High said that although warrants have been the subject that has captured the headlines, the Sheriff’s Office has other important work, with its role in School Security and Domestic Violence. High said both were areas of concern that had been recognized by county leadership, in response to the community’s need.

“We can in no way discount them because the workload associated with each of them substantiates that the need remains,” said High.     

Sheriff High said he believes that safe, orderly school environments can be a reality for students, parents and school administrators through a non-negotiable, problem-solving partnership and spoke briefly about the recent disorder at High Point High School and the arrest at Suitland High School by a Sheriff’s Deputy of an intruder at the school.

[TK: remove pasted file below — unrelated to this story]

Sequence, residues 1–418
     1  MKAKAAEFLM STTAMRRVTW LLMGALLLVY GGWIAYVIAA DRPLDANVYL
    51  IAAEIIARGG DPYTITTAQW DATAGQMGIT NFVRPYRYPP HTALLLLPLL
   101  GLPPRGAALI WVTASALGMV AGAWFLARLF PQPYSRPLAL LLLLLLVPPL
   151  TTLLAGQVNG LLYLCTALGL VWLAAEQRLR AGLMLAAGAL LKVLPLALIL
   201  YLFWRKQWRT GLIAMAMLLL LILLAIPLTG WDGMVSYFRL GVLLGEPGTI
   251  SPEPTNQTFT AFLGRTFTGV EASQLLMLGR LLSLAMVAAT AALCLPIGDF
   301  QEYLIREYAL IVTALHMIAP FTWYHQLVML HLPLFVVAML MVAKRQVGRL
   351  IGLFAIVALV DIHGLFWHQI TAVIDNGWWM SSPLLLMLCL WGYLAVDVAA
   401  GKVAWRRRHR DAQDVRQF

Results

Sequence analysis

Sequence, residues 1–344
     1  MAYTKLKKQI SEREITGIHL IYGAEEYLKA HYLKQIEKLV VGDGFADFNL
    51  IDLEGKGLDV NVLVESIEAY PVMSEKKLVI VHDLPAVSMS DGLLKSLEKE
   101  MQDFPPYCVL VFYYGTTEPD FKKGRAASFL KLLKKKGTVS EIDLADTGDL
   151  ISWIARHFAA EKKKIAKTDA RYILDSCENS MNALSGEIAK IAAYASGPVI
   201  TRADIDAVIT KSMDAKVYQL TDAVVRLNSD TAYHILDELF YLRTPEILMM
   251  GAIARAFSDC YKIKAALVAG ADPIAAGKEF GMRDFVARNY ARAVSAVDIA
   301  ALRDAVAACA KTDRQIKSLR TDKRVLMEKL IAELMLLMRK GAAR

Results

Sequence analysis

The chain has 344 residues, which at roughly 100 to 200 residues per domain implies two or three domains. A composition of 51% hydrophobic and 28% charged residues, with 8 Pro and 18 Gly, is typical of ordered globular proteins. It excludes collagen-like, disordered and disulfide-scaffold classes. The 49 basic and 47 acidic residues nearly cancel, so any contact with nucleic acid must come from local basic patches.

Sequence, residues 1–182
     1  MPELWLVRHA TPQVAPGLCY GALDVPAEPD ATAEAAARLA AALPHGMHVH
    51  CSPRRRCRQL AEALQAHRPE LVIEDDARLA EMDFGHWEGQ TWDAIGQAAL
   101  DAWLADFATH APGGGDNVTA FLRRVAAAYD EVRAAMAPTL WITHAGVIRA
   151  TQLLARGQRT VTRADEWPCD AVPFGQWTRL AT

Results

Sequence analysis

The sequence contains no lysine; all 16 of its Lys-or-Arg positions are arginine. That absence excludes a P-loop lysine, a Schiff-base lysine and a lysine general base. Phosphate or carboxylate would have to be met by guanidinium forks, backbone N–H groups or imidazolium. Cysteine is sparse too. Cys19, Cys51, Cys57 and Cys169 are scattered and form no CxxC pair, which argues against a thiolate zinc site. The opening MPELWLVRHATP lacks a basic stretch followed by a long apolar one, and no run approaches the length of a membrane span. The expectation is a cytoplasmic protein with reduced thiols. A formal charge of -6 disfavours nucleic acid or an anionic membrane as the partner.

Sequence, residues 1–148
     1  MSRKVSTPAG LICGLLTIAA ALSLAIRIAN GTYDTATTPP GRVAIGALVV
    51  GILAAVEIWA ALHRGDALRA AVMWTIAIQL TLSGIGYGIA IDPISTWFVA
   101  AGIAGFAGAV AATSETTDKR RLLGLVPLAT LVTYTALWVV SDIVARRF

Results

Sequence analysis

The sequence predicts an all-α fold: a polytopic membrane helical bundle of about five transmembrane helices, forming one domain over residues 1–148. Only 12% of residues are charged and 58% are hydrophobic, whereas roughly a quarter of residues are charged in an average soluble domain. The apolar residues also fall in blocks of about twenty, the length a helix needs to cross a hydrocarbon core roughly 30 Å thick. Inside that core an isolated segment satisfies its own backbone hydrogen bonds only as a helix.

Regarding the Sheriff’s role in Domestic Violence, Sheriff High said the recent report of a decline in deaths related to domestic violence was good news for the community and that records show that the effort of the Sheriff’s Office Domestic Violence Advocates is increasing.

Specifically, Sheriff High said, “The more we engage victims and survivors of domestic violence and as we gain expertise, we see that people are willing to accept the service as an aid to break the cycle of violence rather that not doing so and living in danger and in the shadows.”

Chief Assistant Sheriff Colonel Darrin Palmer, said his responsibility is to carry out the vision and mission of the Sheriff and that a restructuring of the Bureaus – Field Operations, Court Services and Administration - combined like functions for greater continuity of command.